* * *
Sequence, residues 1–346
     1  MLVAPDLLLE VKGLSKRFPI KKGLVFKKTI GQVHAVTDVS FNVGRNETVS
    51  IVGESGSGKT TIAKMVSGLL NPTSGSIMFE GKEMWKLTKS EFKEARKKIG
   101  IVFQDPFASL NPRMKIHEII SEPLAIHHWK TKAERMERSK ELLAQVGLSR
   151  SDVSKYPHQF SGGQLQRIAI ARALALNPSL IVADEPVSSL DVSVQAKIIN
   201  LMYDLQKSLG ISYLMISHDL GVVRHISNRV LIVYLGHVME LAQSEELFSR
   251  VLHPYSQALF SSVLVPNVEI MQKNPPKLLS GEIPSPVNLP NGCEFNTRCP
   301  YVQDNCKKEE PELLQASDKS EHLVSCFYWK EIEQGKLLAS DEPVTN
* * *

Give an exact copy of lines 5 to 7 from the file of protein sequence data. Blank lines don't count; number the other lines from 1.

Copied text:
   151  SDVSKYPHQF SGGQLQRIAI ARALALNPSL IVADEPVSSL DVSVQAKIIN
   201  LMYDLQKSLG ISYLMISHDL GVVRHISNRV LIVYLGHVME LAQSEELFSR
   251  VLHPYSQALF SSVLVPNVEI MQKNPPKLLS GEIPSPVNLP NGCEFNTRCP